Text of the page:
UK Longitudinal Studies Centre Cross-sectional weights Enumerated individual weight computed as a single step, adjusting for attrition from first wave (and multiplied by first wave weight) TSMs given weight on the basis of fair shares method (i.e. sum of OSM weights divided by total number of OSMs+TSMs) Respondent weight based on probability of responding given in enumerated household Cross-sectional household weight = enumerated individual weight
UK Longitudinal Studies Centre Variables used in construction of weights Respondent weight models use a wide range of social, economic and demographic characteristics from previous wave, measured at both household and individual variable (also whether recorded as mover between waves) Enumerated individual weights use individual demographic characteristics, plus measures of socio-economic status of household, including household level measures (e.g. income and tenure) and characteristics of key individuals in household
UK Longitudinal Studies Centre Advice on using weights Analysis of change up to wave W should use wave W longitudinal weight, adjusting for attrition losses. Cross-sectional analysis can use either cross-sectional weight or longitudinal weight – the former includes many more cases. If use cross-sectional weights must include temporary sample members in analysis. Weights affect standard errors and significance tests – e.g. SPSS does not adjust for this.
UK Longitudinal Studies Centre BHPS samples Initial 1991 GB sample ECHP low income sub-sample 1997-2001 Scotland and Wales extension samples about 1500 extra households in each 1999-> Northern Ireland extension sample, 2000 extra households, 2001 -> Each contain OSMs, TSM, and PSMs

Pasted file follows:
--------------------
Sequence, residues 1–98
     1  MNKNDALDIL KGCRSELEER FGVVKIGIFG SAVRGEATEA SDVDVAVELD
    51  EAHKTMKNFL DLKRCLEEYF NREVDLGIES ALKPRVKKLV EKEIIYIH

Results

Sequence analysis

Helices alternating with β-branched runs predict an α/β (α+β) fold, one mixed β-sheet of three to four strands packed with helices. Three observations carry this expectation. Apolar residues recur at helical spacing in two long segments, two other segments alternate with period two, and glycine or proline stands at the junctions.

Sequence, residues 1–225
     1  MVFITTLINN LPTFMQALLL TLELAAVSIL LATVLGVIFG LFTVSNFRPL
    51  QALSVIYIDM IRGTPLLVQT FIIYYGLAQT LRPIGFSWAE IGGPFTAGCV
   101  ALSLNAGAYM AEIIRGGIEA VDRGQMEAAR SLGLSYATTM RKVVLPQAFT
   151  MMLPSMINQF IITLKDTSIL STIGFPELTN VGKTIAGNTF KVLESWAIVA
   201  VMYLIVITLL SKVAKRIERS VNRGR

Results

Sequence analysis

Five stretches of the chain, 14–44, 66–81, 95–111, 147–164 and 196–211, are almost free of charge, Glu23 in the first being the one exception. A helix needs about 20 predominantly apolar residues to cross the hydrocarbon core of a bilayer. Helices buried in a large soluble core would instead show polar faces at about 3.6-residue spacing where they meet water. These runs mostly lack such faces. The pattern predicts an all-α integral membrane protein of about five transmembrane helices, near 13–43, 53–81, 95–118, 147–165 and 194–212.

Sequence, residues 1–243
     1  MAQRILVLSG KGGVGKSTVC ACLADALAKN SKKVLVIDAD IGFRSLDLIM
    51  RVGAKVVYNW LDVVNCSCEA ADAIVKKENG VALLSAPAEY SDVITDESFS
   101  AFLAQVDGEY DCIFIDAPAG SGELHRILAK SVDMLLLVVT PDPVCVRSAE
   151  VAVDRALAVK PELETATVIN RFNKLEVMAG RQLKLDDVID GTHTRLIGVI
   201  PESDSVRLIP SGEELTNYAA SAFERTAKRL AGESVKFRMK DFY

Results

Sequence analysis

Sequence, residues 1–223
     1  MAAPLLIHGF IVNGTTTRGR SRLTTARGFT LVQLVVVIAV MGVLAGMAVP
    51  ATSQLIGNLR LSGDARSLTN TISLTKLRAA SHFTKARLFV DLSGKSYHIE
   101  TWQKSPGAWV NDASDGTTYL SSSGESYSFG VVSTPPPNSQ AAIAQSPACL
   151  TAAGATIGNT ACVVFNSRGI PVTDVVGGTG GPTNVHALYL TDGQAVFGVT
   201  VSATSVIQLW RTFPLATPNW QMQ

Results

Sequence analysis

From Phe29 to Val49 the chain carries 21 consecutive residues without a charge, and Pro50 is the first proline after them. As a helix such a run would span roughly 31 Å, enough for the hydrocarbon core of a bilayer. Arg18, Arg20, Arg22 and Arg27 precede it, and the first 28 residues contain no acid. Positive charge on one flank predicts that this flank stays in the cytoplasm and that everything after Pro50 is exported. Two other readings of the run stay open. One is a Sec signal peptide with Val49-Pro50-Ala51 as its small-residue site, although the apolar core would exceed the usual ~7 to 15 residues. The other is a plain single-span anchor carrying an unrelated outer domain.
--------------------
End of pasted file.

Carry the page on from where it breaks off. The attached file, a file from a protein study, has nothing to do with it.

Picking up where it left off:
UK Longitudinal Studies Centre New samples and weighting Cases in new samples have different selection probabilities from initial sample ECHP sample marginally raises selection probability of low income households Scotland, Wales and Northern Ireland substantially raise selection probabilities in these areas New cross-sectional weights incorporating ECHP Full new set of weights from 1999 onwards (rebased on all OSM respondents in that year) – and further new set from 2001
UK Longitudinal Studies Centre New sample and weighting II So, increasing proliferation of weights, increasing complexity of weight selection – need to decide what sample of interest is (will depend on both substantive concerns and years for which data required) Data set contains two versions, one for GB/UK analysis, the other for separate analysis of Scotland Wales etc. New weights have higher variance, so lower effective sample size. For example at wave 11 1991 sample longitudinal weight increases variance by 14%, all sample weight by 47%.
UK Longitudinal Studies Centre Further issues Computing weights for other response samples Arguments for not using weights Arguments for constructing special purpose weights Pooled multi-wave samples Statistical procedures which do not accept weights